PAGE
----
—Submitted by a parent


Posted September 14, 2010

It's been 25 years since I was enrolled by children in kindergarten and 1st grade at Shoesmith. Last week, I enrolled my granddaughter. What can we do to improve the outcome for our children? An overall score of 3 out of 10 is awful. We can't let this next generation of kids fall behind. How can I help? Are you the school of last resort? Why are Murray and Ray still performing so well? The President and Mrs. Obama vote at your school, yet they wuold never send their daughters there to be educated. Why not? What can I do to help? What is the PTA and LSC doing?


Posted April 27, 2010

I really like shoesmith elem; I have one that graduated from shoesmith, one that is in the 4th grade & one that will be starting in august. Keep up the good work showsmith.
—Submitted by a parent


Posted September 24, 2009

Shoesmith has a principal that really cares about her students. She inputs a lot of programs into the school to make instruction and learning a meaningful and fun experience.
—Submitted by a parent


Posted February 21, 2008

Two of my three children attend/attended Shoesmith. The faculty is wonderful. the students are really good kids. I would just add more music/art classes and more computers
—Submitted by a parent


Posted May 24, 2006

Shoesmith attempts to offer students as young as Kdg maximum exposure to the varying artistic mediums. The teachers are good at discovering your child's best learning style and level and will work with them we're their at. For instance, my daughter and I worked with her Kdg teacher and principal to have her promoted half-days to the first grade to support her accelerated reading and comprehension capabilities. I am very happy with my daughter's growth over the school year.
—Submitted by a parent


Posted May 16, 2006

This is a great school I would recommand to start with Pre-k and continue with the higher grades.
—Submitted by a parent


Posted January 20, 2006

Shoesmith is a school with a great deal of potential. There is a good group of teachers with a high level of commitment. Creativity in the effort to get the most out of their student may be lacking. In comparison to other area school, the effort to involve the community and the parents is not at a desired level.
—Submitted by a parent


Posted August 5, 2005

I love the school itself especially the principal and staff.
—Submitted by a parent


Community ratings and reviews do not represent the views of GreatSchools nor does GreatSchools check their accuracy or verify the reviewers' identities. Use your discretion when evaluating these reviews.

About these ratings

The Community Rating is the school’s average rating from its community members (e.g., parents, students, and school staff). The highest possible rating is five stars; the lowest is one star.

The test results by subgroup show how the designated group of students is performing in comparison to the general population.
Math

The state average for Math was 55% in 2013.

2013

 
 
54%

2012

 
 
86%

2011

 
 
79%

2010

 
 
81%
Reading

The state average for Reading was 59% in 2013.

2013

 
 
54%

2012

 
 
69%

2011

 
 
65%

2010

 
 
62%
Scale: % meeting or exceeding standards

About the tests


In 2012-2013 Illinois used the Illinois Standards Achievement Test (ISAT) to test students in grades 3 through 8 in reading and math, and in grades 4 and 7 in science. The ISAT is a standards-based test, which means it measures how well students are mastering specific skills defined for each grade by the state of Illinois. The goal is for all students to score at or above the state standard.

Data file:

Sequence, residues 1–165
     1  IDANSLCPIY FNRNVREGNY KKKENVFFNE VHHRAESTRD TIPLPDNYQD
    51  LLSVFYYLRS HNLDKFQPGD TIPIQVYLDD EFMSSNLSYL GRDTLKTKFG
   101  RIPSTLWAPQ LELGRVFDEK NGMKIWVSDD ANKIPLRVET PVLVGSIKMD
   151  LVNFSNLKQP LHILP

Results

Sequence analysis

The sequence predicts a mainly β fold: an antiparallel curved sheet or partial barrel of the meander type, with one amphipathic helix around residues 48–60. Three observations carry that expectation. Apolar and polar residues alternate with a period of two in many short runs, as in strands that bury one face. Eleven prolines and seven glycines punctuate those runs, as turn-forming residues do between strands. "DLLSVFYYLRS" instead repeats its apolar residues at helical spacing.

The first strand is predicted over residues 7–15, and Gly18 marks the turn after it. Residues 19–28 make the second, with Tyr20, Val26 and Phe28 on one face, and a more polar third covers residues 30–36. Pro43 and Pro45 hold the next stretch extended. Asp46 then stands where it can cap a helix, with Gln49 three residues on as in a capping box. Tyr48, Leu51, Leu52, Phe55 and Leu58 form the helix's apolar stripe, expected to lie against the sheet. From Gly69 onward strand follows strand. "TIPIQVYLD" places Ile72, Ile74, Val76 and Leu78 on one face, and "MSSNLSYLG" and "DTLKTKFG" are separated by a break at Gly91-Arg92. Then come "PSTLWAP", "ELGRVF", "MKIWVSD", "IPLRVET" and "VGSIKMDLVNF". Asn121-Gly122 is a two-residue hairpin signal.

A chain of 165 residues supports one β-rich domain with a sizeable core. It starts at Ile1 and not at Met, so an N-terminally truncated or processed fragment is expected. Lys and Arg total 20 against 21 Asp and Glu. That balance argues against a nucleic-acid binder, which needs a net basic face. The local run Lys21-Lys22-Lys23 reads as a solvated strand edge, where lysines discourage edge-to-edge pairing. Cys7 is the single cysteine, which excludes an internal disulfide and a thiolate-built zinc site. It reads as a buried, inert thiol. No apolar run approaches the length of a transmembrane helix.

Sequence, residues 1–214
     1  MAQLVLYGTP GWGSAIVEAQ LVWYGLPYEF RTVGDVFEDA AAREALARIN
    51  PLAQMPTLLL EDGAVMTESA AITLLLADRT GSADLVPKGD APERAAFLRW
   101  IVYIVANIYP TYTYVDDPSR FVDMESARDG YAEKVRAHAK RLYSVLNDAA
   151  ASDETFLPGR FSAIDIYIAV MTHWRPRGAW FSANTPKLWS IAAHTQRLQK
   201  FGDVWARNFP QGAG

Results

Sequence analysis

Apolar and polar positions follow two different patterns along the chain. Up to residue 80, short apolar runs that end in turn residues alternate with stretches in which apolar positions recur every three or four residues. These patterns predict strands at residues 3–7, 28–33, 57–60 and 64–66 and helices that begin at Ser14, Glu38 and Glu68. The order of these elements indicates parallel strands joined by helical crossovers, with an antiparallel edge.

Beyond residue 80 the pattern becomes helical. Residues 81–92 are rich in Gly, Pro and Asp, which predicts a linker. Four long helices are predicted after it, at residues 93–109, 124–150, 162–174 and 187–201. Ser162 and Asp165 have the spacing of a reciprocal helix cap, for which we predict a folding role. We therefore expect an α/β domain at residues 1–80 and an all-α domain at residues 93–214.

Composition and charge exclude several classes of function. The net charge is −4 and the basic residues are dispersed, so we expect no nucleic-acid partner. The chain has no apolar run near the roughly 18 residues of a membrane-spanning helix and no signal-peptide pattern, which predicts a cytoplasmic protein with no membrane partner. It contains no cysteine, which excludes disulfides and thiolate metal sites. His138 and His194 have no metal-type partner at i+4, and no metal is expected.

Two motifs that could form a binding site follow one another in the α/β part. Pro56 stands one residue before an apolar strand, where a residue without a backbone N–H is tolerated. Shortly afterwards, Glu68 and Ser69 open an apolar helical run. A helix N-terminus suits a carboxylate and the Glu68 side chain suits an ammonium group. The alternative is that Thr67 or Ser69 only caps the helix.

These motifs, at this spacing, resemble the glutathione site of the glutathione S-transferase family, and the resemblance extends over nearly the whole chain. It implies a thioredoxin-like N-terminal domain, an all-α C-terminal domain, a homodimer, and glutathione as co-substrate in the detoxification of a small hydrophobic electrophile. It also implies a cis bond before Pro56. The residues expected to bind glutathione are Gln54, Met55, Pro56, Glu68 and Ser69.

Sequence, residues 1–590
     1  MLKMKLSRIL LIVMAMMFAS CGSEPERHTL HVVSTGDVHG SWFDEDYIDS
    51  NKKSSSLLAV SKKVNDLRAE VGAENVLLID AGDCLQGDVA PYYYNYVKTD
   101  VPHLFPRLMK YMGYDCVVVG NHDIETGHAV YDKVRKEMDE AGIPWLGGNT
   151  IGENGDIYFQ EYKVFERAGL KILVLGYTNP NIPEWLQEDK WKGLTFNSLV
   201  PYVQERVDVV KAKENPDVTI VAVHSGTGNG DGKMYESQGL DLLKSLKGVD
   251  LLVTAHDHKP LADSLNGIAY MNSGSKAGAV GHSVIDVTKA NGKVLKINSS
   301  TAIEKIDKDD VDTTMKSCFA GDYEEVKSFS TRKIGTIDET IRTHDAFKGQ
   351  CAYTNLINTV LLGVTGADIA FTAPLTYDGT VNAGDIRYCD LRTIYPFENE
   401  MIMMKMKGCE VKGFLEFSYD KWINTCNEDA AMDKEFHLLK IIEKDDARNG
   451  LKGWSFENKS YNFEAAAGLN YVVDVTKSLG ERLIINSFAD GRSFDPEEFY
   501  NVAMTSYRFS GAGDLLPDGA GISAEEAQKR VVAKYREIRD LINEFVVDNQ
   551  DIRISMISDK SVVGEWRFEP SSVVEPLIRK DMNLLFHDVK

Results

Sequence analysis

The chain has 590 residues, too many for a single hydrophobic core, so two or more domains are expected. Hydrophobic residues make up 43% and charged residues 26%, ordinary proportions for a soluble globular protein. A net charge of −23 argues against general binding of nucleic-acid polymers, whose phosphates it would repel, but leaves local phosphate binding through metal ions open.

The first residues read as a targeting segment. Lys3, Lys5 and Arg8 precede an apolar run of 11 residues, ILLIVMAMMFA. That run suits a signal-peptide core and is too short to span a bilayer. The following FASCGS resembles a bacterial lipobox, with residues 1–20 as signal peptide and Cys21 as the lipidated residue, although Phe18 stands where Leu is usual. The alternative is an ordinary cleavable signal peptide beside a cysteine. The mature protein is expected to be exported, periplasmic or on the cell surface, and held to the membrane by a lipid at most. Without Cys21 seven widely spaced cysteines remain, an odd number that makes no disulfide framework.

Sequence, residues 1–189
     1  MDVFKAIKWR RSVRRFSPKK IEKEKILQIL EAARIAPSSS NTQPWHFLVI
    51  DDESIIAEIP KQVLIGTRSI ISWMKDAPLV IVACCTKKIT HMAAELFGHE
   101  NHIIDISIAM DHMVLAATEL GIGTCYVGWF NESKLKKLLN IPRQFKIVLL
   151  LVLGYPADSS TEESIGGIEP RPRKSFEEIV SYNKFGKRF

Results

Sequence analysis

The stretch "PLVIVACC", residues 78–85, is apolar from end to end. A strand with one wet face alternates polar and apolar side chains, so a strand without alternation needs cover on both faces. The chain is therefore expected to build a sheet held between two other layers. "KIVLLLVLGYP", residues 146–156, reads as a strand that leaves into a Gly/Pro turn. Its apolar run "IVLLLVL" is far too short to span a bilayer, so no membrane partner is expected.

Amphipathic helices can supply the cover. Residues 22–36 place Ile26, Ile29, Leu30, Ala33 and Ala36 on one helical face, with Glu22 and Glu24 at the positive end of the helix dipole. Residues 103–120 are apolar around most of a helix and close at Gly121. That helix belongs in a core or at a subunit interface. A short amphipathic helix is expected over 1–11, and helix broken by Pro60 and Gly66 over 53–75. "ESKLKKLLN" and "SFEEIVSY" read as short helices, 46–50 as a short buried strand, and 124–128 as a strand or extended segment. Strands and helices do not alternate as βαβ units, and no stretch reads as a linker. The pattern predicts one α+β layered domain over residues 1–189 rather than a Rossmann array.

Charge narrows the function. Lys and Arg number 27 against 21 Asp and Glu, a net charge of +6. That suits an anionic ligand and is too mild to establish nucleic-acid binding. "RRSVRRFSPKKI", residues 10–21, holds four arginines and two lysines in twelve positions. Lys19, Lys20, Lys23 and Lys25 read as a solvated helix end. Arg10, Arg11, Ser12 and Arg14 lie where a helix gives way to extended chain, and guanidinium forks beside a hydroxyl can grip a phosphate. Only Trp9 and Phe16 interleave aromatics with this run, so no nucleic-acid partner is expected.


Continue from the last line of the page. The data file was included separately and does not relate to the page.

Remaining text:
In 2013 the Illinois State Board of Education raised the performance expectations for the ISAT in reading and math. These expectations have been adjusted to better align with the Common Core State Standards, a multi-state initiative that established year-by-year guidelines outlining the grade-specific skills and content students need to stay on the path to college and career readiness. The higher expectations of the new standards will result in a downward shift of where students rank in meeting or exceeding standards.

Source: Illinois State Board of Education

Math

The state average for Math was 60% in 2013.

2013

 
 
44%

2012

 
 
75%

2011

 
 
72%

2010

 
 
71%
Reading

The state average for Reading was 59% in 2013.

2013

 
 
39%

2012

 
 
55%

2011

 
 
70%

2010

 
 
44%
Science

The state average for Science was 81% in 2013.

2013

 
 
75%

2012

 
 
68%

2011

 
 
65%

2010

 
 
46%
Scale: % meeting or exceeding standards

About the tests


In 2012-2013 Illinois used the Illinois Standards Achievement Test (ISAT) to test students in grades 3 through 8 in reading and math, and in grades 4 and 7 in science. The ISAT is a standards-based test, which means it measures how well students are mastering specific skills defined for each grade by the state of Illinois. The goal is for all students to score at or above the state standard.

In 2013 the Illinois State Board of Education raised the performance expectations for the ISAT in reading and math. These expectations have been adjusted to better align with the Common Core State Standards, a multi-state initiative that established year-by-year guidelines outlining the grade-specific skills and content students need to stay on the path to college and career readiness. The higher expectations of the new standards will result in a downward shift of where students rank in meeting or exceeding standards.

Source: Illinois State Board of Education

Math

The state average for Math was 59% in 2013.

2013

 
 
50%

2012

 
 
79%

2011

 
 
76%

2010

 
 
62%
Reading

The state average for Reading was 59% in 2013.

2013

 
 
37%

2012

 
 
72%

2011

 
 
76%

2010

 
 
60%
Scale: % meeting or exceeding standards

About the tests


In 2012-2013 Illinois used the Illinois Standards Achievement Test (ISAT) to test students in grades 3 through 8 in reading and math, and in grades 4 and 7 in science. The ISAT is a standards-based test, which means it measures how well students are mastering specific skills defined for each grade by the state of Illinois. The goal is for all students to score at or above the state standard.